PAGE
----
MURDERER Stephen Streener has been sentenced to a minimum of 18 years in prison after being found guilty of killing his lover.
Streener had denied any part in the killing of Jacqueline Grant but a jury at Newcastle Crown Court returned a guilty verdict Wednesday morning following a trial lasting more than two weeks.
Mrs Grant was strangled by a cord tied around her neck, which was fastened to the bed, before the room was then set on fire.
She had also suffered heavy blows to her face before she died.
The trial at Newcastle Crown Court heard how the 49-year-old and Mrs Grant were involved in an affair after they met at Brough Park in Newcastle in the summer of 2011.
The pair quickly became an item and moved in to Streener’s home in Meadow Bank Drive, Choppington.
But 48-year-old Mrs Grant, who was still married, wanted to keep the affair secret.
She told friends her marriage had gone stale, but she did still care for her husband and did not want to hurt him or their son.
Her family believed she was living with a friend when she had moved out of their home in Ponteland.
Judge Paul Sloan said: “While its quite clear that a strong bond developed between you both and that Mrs Grant was telling you that she felt her future lay with you, I’m satisfied on the evidence that I have heard that in fact she was torn, on the one hand staying with you, and on the other returning to her husband and son who she still clearly loved.”
The judge said Streener forced the issue to bring matters to a head by using her phone to send a text to her husband, informing him that Mrs Grant was leaving him.
The judge added: “Precisely what happened when you returned home having sent that text, only you know.
“But it may well be the case that you informed Mrs Grant that you sent that text, causing her distress and leading to confrontation between you.”
Judge Sloan said there was a clear degree of pre-meditation as Streener obtained a piece of cord and created a ligature with it.
He said Streener took Mrs Grant by surprise, and abused the trust she had in him.
He added: “You clearly intended to kill her.”
Streener set fire to two areas of the bedding in an attempt to cover what had happened.
Judge Sloan labelled Streener a coward after fabricating a tale that Mrs Grant’s family conspired to kill her after she told them she was leaving.
He told Streener that breaching his position of trust, using a ligature and setting the fire in order to destroy evidence were all aggravating factors.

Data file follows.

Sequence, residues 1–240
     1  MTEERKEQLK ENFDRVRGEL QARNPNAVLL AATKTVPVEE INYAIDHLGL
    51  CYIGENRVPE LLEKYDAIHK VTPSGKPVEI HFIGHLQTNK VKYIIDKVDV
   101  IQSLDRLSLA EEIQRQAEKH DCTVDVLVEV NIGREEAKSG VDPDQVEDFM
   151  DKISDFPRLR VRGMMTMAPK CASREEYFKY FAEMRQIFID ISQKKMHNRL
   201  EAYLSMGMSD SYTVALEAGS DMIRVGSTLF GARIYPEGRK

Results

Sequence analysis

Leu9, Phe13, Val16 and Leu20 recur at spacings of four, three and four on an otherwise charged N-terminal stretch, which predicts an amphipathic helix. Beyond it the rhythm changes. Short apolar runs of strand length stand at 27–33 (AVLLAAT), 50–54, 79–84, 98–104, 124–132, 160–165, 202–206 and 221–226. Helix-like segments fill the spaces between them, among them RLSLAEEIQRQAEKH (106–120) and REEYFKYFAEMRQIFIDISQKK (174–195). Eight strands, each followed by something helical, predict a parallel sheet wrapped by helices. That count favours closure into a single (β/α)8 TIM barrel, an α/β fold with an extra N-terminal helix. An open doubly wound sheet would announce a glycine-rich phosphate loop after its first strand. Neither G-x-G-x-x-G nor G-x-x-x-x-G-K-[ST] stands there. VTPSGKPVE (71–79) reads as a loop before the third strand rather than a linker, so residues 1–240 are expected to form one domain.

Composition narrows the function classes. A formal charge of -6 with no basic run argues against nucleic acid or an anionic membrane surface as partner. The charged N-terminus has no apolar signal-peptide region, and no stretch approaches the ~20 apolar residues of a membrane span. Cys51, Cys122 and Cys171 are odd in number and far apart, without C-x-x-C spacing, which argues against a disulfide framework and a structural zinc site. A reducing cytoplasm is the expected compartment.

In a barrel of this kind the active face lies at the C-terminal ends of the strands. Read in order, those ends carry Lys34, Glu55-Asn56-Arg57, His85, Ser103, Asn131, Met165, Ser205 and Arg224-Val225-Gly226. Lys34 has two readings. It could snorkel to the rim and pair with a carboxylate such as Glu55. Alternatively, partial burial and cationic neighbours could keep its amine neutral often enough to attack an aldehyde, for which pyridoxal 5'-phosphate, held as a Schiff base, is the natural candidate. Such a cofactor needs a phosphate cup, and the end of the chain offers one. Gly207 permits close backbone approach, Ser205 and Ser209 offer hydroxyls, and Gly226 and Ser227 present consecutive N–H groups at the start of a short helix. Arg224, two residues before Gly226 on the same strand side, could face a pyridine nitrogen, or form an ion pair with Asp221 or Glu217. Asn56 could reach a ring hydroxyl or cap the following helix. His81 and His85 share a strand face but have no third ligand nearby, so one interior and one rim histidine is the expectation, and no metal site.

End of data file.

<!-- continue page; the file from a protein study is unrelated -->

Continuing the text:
“In my judgement, there are no real mitigating factors in this case.”
Streener was sentenced to life in prison and ordered to serve a minimum of 18 years before being considered for release.
During the sentencing hearing the court heard that Streener had a number of previous convictions including arson, assault ABH and GBH, including spending four years in prison in 1984 for GBH with intent when he punched and kicked the complainant to the head and face.
Following the trial, a statement from Jacqueline Grant’s family was released.
It read: “The circumstances of Jacqueline’s murder were horrific. She died at the hands of a brutal monster.
“The moments leading up to her death will continue to haunt us for the rest of our lives and we hope this monster is never released.
“Jacqueline was a bubbly, kind, trusting and caring person who would help anybody in any way she could.
“She was an adored wife and soul mate to Bob, a mother and best-friend to Robert and an adored daughter and sister.
“She was a bubbly, kind sister-in-law and aunt and a kind, caring friend to many. All of her family and friends miss her dreadfully.
“We would like to relay our thanks for all the support given to us by Northumbria Police – especially DCI Ian Bentham, DS Peter Morgan and the team.
“Also for the support from our family liaison officers DC Natalie Robson and DC Olivia Scorer.
“We also would like to thank the CPS, Victim Support, Mr McDonald QC and Mr Adams junior counsel and all prosecution witnesses.
“Collectively all of these individuals have ensured that justice be rightly served and a dangerous man removed from society.
“Jacqueline will never return to us but she will live on in our memories and those of her friends, until such time when we can be re-united.”
DCI Bentham, who led the investigation, earlier welcomed the guilty verdict.
He said: “We welcome the verdict given to Streener which reflects the horrific nature of his crime.
“Our thoughts continue to be with the family of Jacqueline Grant and I want to praise and thank them for their help with the investigation and the way they have handled themselves throughout.
“Streener chose to plead not guilty meaning Jacqueline Grant’s family were made to go through the whole ordeal again which I know has caused a lot of stress and upset.
“What Streener did was calculated and the actions of a very dangerous and disturbing man.
“After murdering Jacqueline Grant he tried to put plans in place to cover what he did up – these included setting fire to the crime scene, sending fake text messages to himself from Jacqueline’s phone and fabricating a far fetched story about intruders breaking into the house.
“Thanks to some excellent work by our officers and the fire service we were able to piece together what happened inside Meadow Bank Drive and bring Streener to justice.
“I hope this result brings some form of closure to everyone affected by the incident and people can take some comfort that a dangerous individual is off the streets for a considerable period of time.”